Underage Tattoos: Vice and Virtue in Ink

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Underage Tattoos: Vice and Virtue in Ink

Funky Ink: North Atlanta students love their tattoos!

Funky Ink: North Atlanta students love their tattoos!

Funky Ink: North Atlanta students love their tattoos!

Funky Ink: North Atlanta students love their tattoos!

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Tattoos are an avenue of artistic freedom utilized by many to permanently display important memories, dates, or just silly doodles. For many students at NAHS, tattoos are a way to express themselves and display their individualism to others. However, how are these underaged tattoos acquired? From professional quotes to stick-and-poke crescent moons, the students of NAHS tell all about their underaged tattoo expressions. 

There are many avenues to go about in order to get a tattoo. For many underaged students, the easiest of these options is simply to take the DIY route — with a ball-point pen — and apply some an inconspicuous doodle on some unsuspecting limb and call it a day. However, the law in Georgia states that minors must be accompanied by; and have parental permission in order to receive a professional tattoo service. That’s right freshmen, there’s no going around mom on this one. 

Senior Jalen Worthy took the high road when procuring a tattooed quote on his ribcage. “I would always recommend getting a tattoo done professionally,” he said. “Although stick-and-pokes are cool, if you want a more in-depth design it’s always better to go to a shop and get it done.”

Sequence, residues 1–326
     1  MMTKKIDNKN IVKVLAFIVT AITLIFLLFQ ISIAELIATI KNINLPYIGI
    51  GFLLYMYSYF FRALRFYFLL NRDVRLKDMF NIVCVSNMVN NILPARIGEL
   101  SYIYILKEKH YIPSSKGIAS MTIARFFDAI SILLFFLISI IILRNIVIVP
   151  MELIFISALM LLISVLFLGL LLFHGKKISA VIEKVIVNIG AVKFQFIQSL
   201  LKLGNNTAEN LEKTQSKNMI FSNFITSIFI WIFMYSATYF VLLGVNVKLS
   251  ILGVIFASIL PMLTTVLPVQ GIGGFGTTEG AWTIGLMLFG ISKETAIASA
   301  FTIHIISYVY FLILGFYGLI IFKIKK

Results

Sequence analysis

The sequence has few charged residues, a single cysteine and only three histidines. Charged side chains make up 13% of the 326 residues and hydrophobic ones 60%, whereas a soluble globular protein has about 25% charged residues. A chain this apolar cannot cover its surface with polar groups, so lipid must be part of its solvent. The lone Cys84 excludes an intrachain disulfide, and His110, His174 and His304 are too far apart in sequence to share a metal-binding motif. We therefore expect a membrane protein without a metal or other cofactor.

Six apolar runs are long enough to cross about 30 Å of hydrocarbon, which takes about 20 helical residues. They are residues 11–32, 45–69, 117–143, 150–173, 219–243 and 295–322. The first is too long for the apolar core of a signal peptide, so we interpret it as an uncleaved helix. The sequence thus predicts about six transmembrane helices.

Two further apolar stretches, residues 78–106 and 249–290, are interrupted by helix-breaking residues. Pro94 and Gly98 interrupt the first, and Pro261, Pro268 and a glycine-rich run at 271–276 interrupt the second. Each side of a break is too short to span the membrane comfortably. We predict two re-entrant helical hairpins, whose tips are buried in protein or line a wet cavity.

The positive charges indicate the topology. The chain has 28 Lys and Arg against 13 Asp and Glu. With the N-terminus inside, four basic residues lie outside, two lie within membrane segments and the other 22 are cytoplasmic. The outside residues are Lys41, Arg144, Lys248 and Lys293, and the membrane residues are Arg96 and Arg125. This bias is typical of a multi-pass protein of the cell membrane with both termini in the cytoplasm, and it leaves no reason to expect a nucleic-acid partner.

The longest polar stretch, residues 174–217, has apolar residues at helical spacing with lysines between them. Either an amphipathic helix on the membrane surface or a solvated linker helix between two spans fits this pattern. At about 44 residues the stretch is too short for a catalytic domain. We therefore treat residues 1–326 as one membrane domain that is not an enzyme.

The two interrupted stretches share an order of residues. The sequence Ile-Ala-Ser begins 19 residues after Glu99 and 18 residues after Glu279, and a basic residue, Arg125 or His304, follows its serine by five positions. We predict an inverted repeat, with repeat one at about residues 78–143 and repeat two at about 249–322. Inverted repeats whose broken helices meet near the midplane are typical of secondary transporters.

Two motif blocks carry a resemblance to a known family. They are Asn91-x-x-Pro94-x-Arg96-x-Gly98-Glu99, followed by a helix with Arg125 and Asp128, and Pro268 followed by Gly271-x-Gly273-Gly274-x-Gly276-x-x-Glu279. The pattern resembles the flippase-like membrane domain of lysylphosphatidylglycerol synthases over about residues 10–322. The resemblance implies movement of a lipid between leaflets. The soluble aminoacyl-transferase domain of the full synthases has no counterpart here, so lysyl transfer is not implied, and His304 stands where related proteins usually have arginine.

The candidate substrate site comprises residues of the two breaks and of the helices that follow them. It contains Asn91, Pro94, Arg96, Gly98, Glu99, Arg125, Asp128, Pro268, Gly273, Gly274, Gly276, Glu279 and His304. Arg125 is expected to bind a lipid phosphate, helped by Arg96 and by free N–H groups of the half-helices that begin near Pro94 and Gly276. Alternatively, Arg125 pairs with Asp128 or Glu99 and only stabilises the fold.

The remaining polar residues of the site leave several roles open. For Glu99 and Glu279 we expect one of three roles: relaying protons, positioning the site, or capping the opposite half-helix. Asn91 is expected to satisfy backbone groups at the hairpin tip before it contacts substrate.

The process wasn’t as painstaking at the tattoo, says Worthy. “All I had to do was bring in my mom so that she could verbally approve, and we both gave our ID’s and that was the end of it,” he said. “It was the least painful part of my entire appointment.”

Senior Cecilia Affer is a self-proclaimed stick-and-poke connoisseur. “They’re just the most convenient way to get a tattoo done,” she said. “As long as you’re in the right state of mind and have completely sanitized utensils, stick-and-pokes are the best way to get tattoos hands down.”

Parental permission was the last thing on Affer’s mind during the process. In fact, she said she got full support from home. “My parents don’t really care about tattoos,” she said. “In fact when I showed my dad he said he wanted one too.” 

Whether it’s a do-it-yourself Tumblr-inspired heart on your ankle, a professional “Live, Laugh, Love” on your forearm, or a professional cover-up of an old stick-and-poke (Oops!), always remember: Like the memories, these tattoos last forever.

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